Earlier, Hafiz Khaliqyar, the Attorney General of Balkh Province, threatened all of the journalists at a press conference in Mazar-e Sharif, saying: “Those of you who ask too many questions about the Parvez Kambakhsh case and those of you who support him, I have the order from the general attorney in Kabul to arrest you too.”

Now that the primary court has issued its sentence, this young journalist has two other chances to appeal.

The second hearing is scheduled to take place in Mazar-e Sharif too. But relatives of the convict have already appealed to the international community and President Karzai to move the case to the more liberal atmosphere of Kabul.

Some modern Afghan clerics say that Islamic law will pardon someone who apologises for writing an article critical of Islam (Kambakhsh had only downloaded, printed and distributed the piece) . But it seems that at this stage nobody listens to these words.

As yet, there has been no response from the president, who is believed to be a supporter of free media and human rights, and who could sign a letter for the release of this young Afghan journalist.

The eyes of every human rights supporter are on Hamed Karzai. His decision will tell the world much about the reality on the ground in Afghanistan.

Padraig Reidy

7 responses to “Death sentence for Afghan journalist”

  1. […] 2009, New York-based rights group Human Rights Watch called on the Afghan president to pardon Parwez Kambakhsh, a student and part-time journalist for the daily Jahan-e-Naw, New World, at Balkh […]

  2. […] the young Afghan journalist who appealed a death sentence for blasphemy handed down last year by a Mazar-i-Sharif court has had a sentence of 20 years imposed by Afghanistan’s supreme court in Kabul. The sentence […]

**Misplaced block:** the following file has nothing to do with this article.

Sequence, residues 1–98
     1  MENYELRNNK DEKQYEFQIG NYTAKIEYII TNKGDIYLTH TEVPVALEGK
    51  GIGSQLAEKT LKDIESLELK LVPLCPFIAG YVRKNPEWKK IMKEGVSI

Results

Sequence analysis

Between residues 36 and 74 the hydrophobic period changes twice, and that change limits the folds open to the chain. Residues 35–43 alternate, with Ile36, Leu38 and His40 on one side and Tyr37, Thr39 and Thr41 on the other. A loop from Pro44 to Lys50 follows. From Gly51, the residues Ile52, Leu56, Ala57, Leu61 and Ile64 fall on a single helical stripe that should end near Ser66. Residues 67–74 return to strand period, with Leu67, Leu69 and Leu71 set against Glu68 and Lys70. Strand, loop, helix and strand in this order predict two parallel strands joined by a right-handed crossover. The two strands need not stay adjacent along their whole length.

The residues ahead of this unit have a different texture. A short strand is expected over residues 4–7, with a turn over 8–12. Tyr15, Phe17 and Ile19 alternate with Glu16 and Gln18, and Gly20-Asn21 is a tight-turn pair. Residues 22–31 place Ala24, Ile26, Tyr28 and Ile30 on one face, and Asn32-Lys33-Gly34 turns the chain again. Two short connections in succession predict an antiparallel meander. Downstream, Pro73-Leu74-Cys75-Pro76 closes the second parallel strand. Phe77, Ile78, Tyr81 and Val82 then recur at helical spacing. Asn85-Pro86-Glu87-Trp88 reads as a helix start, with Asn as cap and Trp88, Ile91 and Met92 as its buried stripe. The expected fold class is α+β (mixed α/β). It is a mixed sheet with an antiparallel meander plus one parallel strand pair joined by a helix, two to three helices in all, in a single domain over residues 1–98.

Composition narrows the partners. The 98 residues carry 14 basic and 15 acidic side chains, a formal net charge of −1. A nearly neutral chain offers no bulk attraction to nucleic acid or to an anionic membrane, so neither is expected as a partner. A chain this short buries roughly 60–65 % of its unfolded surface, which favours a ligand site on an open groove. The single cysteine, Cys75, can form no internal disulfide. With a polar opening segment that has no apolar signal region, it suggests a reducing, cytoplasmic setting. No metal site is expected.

3. Noor says:

    To protect Islam we have got alot of Islamic countries in the world, you guys please try to protect your own country first.

    All the afghan inteligence force are busy doing these stuff, we never heard that they have solved a case of murder or somthing, Shame on your Government Mr.Karzai

  4. Noor says:

    As we all know that Mr. Hamid Karzai and his weak cabinat have not been successful from the time they started ruling the country, the thing that they can count on is the freedom of speech, they have been claiming this their biggest victory eventhough the afghan people have never seen the government supporting the free Media in Afghanistan, the Afghan journalist Ajmal Naqshbandi was killed by Taliban because of the weakness of our own government and now a young boy who has and accurate mind have been sentenced to death even without giving him a chance to have a defence lawyer, Its a pity to our government who always demand and claim about having Democracy, My humble request to the human rights commision in Afghanistan to kindly prevent another death, death of the people which are needed now in Afghanistan.

  5. PPP says:

    A better thing to do for the Afghans is to encourage their countrymen to exercise freedom of expression may be against other religions and make it a point of discussion rather than their own religion.

  6. carrie says:

    This madness has to stop. Islam is evil.

  7. Raveesh Nagpal says:

    Damn the Afghans! Why don’t they just kill everyone in their country!